"This Court must determine if it is infringement under the NOC Regulations and they demand that there be infringement of the claim for the medicine itself or infringement of the claim for the use of the medicine. Clearly that is not the case here. At best, there could be infringement by the product resulting from stage 5 of Ratiopharm's CLX. However, the result of stage 5 of the CLX is not Ratiopharm's final product, but an intermediate product. This intermediate is not made, constructed, used or sold as a medicine but is merely a way station on the road to the final product. Thus, it defies logic to say the production of this intermediate product (assuming for argument's sake that it is Form 0) infringes on the claims of the '274 Patent for the medicine itself and/or for the use of the medicine."
Abbott submits his decision can no longer stand in light of the Federal Court of Appeal's decision in Pfizer Canada Inc. v. Novapharm Ltd., supra, and the Supreme Court's decision in Biolyse, supra.
 Judicial comity suggests that a judge of a lower court should exercise restraint when faced with a legal point previously decided by another member of that same Court. It is not an application of the rule of stare decisis, but a recognition that decisions of the Court should be consistent, so that there be some predictability. Mr. Justice Richard (as he then was) reviewed the authorities in the context of NOC proceedings in Glaxo Group Ltd. v. Minister of National Health and Welfare et al. (1995) 64 C.P.R. (3d) 65, supra, at paragraph 40. So did Madam Justice Dawson more recently in Alfred v. Canada (Minister of Citizenship and Immigration) 2005 FC 1134,  F.C.J. No. 1391. She referred to Re Hansard Spruce Mills Ltd.,  4 D.L.R. 590 (BCSC), where Mr. Justice Wilson said
"¼I have no power to overrule a brother Judge, I can only differ from him, and the effect of my doing so is not to settle but rather to unsettle the law, because, following such a difference of opinion, the unhappy litigant is confronted with conflicting opinions emanating from the same Court and therefore of the same legal weight."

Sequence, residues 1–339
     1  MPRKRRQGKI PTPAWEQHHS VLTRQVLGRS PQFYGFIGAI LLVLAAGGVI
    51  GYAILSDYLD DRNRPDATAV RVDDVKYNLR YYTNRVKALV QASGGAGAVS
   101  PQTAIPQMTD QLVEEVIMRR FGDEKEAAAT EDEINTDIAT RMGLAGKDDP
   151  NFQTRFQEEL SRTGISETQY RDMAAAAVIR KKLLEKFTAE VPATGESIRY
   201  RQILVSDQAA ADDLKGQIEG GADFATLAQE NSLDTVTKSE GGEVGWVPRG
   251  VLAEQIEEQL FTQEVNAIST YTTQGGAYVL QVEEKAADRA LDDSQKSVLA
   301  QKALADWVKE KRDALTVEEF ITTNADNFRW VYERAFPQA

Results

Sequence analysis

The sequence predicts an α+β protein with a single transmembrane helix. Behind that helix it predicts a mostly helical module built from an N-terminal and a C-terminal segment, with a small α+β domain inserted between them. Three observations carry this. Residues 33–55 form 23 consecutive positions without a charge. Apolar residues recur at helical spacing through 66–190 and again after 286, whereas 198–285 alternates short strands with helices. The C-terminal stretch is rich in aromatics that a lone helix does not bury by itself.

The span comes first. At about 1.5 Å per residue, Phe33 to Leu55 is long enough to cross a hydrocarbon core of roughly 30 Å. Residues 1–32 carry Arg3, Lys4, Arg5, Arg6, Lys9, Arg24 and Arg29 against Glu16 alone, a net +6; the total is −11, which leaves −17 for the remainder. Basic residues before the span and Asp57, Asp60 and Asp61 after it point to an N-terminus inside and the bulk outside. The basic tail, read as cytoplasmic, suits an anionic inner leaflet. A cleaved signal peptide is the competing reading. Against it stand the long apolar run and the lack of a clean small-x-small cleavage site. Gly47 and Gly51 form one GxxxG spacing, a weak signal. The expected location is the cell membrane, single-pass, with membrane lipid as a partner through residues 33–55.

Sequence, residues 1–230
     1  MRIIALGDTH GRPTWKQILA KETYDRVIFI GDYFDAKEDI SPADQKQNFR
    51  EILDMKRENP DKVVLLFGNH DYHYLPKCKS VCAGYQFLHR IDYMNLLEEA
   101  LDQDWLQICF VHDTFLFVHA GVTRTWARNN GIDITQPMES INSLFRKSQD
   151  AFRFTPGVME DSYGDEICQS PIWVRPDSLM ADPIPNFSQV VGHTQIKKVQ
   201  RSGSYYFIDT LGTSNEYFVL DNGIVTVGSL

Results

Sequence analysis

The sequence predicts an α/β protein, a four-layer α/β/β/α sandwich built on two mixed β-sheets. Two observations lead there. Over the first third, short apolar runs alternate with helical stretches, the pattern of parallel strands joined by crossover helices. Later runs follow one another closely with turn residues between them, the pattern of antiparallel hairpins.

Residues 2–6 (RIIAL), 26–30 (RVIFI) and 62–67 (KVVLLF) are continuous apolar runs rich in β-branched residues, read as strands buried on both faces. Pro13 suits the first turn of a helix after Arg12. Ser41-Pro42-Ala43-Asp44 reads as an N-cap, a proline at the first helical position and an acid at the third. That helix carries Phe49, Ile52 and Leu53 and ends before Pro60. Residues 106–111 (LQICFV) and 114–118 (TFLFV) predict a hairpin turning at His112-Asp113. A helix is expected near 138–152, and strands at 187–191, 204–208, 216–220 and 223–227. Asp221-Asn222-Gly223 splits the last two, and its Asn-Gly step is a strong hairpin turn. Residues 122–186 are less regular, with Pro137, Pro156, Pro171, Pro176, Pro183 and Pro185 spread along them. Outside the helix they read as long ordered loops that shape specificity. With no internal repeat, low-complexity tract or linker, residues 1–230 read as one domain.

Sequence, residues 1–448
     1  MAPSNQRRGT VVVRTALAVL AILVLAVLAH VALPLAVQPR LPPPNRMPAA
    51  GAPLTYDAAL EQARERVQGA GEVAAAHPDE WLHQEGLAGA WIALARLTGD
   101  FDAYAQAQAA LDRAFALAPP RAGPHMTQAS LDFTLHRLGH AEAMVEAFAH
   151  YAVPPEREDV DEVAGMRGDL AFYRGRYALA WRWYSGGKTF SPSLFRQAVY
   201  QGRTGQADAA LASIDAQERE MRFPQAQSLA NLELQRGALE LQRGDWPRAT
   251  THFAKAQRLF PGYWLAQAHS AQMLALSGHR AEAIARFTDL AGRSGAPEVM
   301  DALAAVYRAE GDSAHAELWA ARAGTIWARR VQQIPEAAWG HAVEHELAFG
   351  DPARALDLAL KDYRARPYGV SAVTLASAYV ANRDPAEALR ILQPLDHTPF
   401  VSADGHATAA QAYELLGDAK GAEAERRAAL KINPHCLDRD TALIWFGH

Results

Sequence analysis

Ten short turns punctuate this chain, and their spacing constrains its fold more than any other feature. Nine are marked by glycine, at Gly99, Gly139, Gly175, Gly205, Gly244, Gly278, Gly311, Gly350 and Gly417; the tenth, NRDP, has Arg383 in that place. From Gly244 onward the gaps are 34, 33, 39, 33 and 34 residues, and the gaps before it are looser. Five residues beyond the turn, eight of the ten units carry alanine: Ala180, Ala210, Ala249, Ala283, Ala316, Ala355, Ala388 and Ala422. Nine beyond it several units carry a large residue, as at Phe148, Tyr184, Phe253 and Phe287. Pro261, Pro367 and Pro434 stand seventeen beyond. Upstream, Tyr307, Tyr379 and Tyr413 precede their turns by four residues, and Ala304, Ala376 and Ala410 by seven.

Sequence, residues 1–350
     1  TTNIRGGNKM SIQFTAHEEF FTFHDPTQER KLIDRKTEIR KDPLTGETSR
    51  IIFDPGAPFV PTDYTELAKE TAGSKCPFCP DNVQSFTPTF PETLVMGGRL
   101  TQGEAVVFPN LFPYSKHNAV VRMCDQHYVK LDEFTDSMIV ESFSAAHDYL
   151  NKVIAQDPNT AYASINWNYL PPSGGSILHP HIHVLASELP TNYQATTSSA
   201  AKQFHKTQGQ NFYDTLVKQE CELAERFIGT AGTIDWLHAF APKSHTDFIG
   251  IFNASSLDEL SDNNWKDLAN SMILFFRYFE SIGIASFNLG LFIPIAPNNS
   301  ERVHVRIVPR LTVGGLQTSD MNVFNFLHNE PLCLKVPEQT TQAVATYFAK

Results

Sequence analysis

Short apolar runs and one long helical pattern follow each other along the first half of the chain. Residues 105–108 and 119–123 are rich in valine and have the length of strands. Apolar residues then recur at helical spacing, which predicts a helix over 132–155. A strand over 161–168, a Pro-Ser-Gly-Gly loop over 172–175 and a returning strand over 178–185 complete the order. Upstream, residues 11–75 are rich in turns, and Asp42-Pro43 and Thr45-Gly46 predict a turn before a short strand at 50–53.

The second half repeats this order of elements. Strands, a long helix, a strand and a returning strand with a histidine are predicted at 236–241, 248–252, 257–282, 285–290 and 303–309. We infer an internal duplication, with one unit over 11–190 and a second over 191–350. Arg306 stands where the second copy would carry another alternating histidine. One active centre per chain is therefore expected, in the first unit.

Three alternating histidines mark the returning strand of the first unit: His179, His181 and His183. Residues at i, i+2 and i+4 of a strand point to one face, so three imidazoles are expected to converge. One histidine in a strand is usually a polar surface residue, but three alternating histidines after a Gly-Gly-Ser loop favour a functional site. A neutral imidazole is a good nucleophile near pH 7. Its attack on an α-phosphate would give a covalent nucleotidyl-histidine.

Mr. Justice Richard was of the view that previous decisions should be followed unless the Judge considered them to be clearly wrong. Madam Justice Dawson said she would only go against the decision of another Judge if a) a subsequent decisions have affected the validity of the impugned judgment; b) it has been demonstrated that some binding authority in case law and relevant Statute was not considered; or c) the judgment itself was unconsidered i.e. given where the exigencies required an immediate decision.
 The Federal Court of Appeal will not overrule itself even if it considers the first case was wrongly decided. The first case must be manifestly wrong in that the Court overlooked a relevant statutory provision or a case that ought to have been followed. See Kremikovtzi Trade v. Phoenix Bulk Carriers Limited 2006 FCA 1,  F.C.J. No. 9 (QL). Mr. Justice Nadon stated at paragraph 35:
¶ 35 Before concluding, however, I wish to add that were I not bound by Paramount, supra, I would have been inclined to decide the issue in favour of Phoenix. Since I suspect that the issue before us is of some importance to the maritime community and, hence, that leave to appeal to the Supreme Court of Canada might be sought, it will be useful for me to elaborate as to why I believe Paramount, supra, was wrongly decided.